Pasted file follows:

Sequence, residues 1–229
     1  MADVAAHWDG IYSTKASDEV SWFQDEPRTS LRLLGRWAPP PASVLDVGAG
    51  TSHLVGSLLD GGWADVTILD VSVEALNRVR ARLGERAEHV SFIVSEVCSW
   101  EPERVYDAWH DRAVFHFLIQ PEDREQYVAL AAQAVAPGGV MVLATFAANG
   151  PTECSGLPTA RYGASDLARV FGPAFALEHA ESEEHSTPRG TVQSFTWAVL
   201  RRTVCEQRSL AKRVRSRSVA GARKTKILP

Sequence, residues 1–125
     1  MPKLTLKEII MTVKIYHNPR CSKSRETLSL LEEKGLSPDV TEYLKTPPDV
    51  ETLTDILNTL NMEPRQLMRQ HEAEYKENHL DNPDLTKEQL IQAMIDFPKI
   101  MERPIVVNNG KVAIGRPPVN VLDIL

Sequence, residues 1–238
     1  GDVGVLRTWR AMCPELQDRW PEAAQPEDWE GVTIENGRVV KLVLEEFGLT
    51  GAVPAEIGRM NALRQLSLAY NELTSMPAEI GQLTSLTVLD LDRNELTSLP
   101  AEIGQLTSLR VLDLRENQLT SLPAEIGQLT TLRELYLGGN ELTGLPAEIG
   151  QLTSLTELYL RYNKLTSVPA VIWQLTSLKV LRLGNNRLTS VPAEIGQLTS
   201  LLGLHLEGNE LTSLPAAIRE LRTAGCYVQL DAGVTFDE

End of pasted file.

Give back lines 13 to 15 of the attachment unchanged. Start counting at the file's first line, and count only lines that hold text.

    51  GAVPAEIGRM NALRQLSLAY NELTSMPAEI GQLTSLTVLD LDRNELTSLP
   101  AEIGQLTSLR VLDLRENQLT SLPAEIGQLT TLRELYLGGN ELTGLPAEIG
   151  QLTSLTELYL RYNKLTSVPA VIWQLTSLKV LRLGNNRLTS VPAEIGQLTS